Until we know what the market says, and how that impacts our planning for the future…you can’t answer with incomplete information. But he’s been a great fit for both our team and our culture. His movement on the perimeter as a screener or a roller is superior. He’s not at a point he will command a double-team in the post. You’d love to see that develop, but I’m not sure it’s fair to put him in that position. You have to evaluate a cost for what that is.
Buford was also quoted in the same article that 36-year-old Manu Ginobili seems to be a fit to return to San Antonio: “We’ll evaluate the alternatives, but I think all of our hopes are that Manu finishes his career in San Antonio.”
The other option is to use that money differently. San Antonio can add further depth to the perimeter with shooter Kyle Korver and defender Matt Barnes.
The Spurs must choose whether or not to spend money on returning their guys or head in a new direction for talent.
The Detroit Pistons must choose whether or not to become active in free agency or save cash while their young core develops.
It seems that Detroit will want to make an intelligent signing, but if the team cannot find the right fit then it’s best to sit on valuable flexibility.
Already with a young, developing core of Greg Monroe, Andre Drummond, Brandon Knight and Kyle Singler, it’s vital that Detroit doesn’t make the wrong decision in overpaying just for the sake of making a move.
Detroit isn’t ready to contend next season, and bringing in anyone who can’t add to the future is a mistake. Any free-agent decision that is made must be done with the thought of three years from now.
That means a young player like Tyreke Evans or O.J. Mayo makes more sense than a veteran like Andrei Kirilenko or Tony Allen.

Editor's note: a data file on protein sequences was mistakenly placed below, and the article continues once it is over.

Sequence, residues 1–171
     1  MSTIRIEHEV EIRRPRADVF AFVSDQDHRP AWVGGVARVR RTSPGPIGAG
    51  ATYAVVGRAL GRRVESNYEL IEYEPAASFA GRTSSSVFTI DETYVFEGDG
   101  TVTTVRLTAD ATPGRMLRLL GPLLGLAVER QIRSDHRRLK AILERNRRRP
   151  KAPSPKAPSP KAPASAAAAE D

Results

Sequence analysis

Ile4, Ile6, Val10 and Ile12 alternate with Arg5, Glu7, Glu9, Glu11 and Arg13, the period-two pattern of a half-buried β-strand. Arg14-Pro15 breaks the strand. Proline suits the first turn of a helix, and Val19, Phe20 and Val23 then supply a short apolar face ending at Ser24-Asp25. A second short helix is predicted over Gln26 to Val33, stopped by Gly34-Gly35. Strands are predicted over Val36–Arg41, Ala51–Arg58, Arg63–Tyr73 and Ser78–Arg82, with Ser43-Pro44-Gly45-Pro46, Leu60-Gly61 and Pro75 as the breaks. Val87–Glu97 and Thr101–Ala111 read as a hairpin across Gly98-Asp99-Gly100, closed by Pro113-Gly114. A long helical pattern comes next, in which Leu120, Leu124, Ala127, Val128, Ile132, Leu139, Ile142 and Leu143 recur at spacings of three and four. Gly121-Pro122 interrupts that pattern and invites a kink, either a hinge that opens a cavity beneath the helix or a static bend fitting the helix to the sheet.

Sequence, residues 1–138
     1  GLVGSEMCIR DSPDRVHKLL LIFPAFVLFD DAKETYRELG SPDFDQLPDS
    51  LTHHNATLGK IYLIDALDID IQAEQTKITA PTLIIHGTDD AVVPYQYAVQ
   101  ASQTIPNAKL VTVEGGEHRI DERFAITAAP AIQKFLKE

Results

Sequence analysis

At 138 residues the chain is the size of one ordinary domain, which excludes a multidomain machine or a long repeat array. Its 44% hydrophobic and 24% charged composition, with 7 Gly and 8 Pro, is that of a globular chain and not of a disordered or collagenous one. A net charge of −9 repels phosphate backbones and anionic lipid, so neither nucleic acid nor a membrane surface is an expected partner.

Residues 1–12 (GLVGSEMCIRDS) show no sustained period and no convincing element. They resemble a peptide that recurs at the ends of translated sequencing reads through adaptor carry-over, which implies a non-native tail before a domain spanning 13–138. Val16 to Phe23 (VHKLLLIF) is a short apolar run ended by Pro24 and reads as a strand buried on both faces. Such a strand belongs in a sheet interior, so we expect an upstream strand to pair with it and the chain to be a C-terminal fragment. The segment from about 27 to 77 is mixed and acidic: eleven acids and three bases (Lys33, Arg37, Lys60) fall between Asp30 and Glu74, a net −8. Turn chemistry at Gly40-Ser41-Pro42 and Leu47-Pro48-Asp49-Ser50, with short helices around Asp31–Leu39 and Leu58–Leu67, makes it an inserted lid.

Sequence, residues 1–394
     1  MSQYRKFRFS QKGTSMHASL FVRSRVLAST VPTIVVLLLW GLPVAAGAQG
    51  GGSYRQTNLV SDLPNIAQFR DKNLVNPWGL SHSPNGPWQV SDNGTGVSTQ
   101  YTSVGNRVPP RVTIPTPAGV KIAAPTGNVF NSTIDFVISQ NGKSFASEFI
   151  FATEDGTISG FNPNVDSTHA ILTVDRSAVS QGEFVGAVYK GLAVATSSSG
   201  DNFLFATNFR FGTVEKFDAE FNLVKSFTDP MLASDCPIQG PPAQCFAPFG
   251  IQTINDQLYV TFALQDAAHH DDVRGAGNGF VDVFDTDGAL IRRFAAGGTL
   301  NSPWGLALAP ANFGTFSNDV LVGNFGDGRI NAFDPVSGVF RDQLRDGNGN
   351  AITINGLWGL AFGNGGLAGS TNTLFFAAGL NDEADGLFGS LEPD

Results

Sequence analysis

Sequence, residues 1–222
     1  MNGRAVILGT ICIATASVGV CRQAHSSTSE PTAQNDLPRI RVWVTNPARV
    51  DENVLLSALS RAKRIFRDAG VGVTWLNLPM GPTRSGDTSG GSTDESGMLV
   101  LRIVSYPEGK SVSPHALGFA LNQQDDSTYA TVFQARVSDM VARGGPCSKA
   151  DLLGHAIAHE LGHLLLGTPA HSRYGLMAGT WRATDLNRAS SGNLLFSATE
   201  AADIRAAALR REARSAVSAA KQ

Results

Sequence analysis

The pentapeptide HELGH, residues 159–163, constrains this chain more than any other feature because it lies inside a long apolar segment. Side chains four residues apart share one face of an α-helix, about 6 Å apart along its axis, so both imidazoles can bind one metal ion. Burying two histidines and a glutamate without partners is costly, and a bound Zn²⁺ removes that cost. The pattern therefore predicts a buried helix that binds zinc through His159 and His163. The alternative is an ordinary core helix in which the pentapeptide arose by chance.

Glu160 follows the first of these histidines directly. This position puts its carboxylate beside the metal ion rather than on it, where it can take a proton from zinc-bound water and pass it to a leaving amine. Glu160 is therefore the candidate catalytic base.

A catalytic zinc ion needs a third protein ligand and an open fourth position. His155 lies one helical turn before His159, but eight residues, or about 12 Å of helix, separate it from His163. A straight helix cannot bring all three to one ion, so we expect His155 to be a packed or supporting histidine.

Detroit has money to spend, but its decisions on how to spend it will define next season and beyond.
The Hawks have huge decisions to make as the team with more cap space than anyone.
As Josh Smith leaves, the Hawks will look for the right free agent to pair with center Al Horford. Pairing Dwight Howard in the frontcourt with Horford, who can also play power forward, is the big play.
However, the Hawks can also spend wiser and chase young free agents with upside such as Tyreke Evans, O.J. Mayo or make an offer to restricted free agent Brandon Jennings.
Al Jefferson and Andrew Bynum are secondary options if Howard goes elsewhere and Paul Millsap is another possible play.
The Hawks could also hold on to flexibility with lesser free agents, and make a move for the summer of 2014.
The Houston Rockets can make room for a free agent like Dwight Howard.
Houston will use its team option to rid Francisco Garcia's $6.4 million contract and could move pieces such as Thomas Robinson, Aaron Brooks or Carlos Delfino to create flexibility this offseason.
To create enough salary cap space for Howard, the Rockets could also opt to trade Jeremy Lin or Omer Asik if necessary.
If the Rockets are able to snag Howard, they would immediately move into contenders in the West, adding to a core of Harden, Chandler Parsons and perhaps Asik.
Houston has a decision if it wants to continue with a young roster that challenged the No. 1-seeded Oklahoma City Thunder (without Russell Westbrook) or chase top-tier free-agent talent if possible and possibly give up some of that youth.
Houston can also figure out a way to stay youthful while also adding an elite player.
The Rockets also could choose to add veteran free agents such as Antawn Jamison or Nate Robinson to add experience and depth.
A first-round loss isn’t the goal. To become true contenders, the Milwaukee Bucks will need to decide what direction the franchise wishes to take.
Restricted free agent Brandon Jennings stated during last season that if the Bucks match an offer from another NBA team, he will leave following the one season of the matched deal. So it starts there.